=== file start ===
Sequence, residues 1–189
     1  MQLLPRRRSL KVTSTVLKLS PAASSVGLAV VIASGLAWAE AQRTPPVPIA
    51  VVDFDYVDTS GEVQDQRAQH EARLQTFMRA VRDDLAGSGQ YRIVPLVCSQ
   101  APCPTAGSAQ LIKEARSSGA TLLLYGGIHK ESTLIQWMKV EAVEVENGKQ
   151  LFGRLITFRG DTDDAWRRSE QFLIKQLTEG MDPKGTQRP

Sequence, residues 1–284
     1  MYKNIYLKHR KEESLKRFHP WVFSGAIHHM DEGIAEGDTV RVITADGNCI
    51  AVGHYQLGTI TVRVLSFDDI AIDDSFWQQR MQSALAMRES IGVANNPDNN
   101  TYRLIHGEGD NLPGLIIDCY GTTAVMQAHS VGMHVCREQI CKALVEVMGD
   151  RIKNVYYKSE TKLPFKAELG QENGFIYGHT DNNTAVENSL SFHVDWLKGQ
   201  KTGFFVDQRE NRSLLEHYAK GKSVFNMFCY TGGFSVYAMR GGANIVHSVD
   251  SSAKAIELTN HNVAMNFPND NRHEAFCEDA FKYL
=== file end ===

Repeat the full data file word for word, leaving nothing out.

Sequence, residues 1–189
     1  MQLLPRRRSL KVTSTVLKLS PAASSVGLAV VIASGLAWAE AQRTPPVPIA
    51  VVDFDYVDTS GEVQDQRAQH EARLQTFMRA VRDDLAGSGQ YRIVPLVCSQ
   101  APCPTAGSAQ LIKEARSSGA TLLLYGGIHK ESTLIQWMKV EAVEVENGKQ
   151  LFGRLITFRG DTDDAWRRSE QFLIKQLTEG MDPKGTQRP

Sequence, residues 1–284
     1  MYKNIYLKHR KEESLKRFHP WVFSGAIHHM DEGIAEGDTV RVITADGNCI
    51  AVGHYQLGTI TVRVLSFDDI AIDDSFWQQR MQSALAMRES IGVANNPDNN
   101  TYRLIHGEGD NLPGLIIDCY GTTAVMQAHS VGMHVCREQI CKALVEVMGD
   151  RIKNVYYKSE TKLPFKAELG QENGFIYGHT DNNTAVENSL SFHVDWLKGQ
   201  KTGFFVDQRE NRSLLEHYAK GKSVFNMFCY TGGFSVYAMR GGANIVHSVD
   251  SSAKAIELTN HNVAMNFPND NRHEAFCEDA FKYL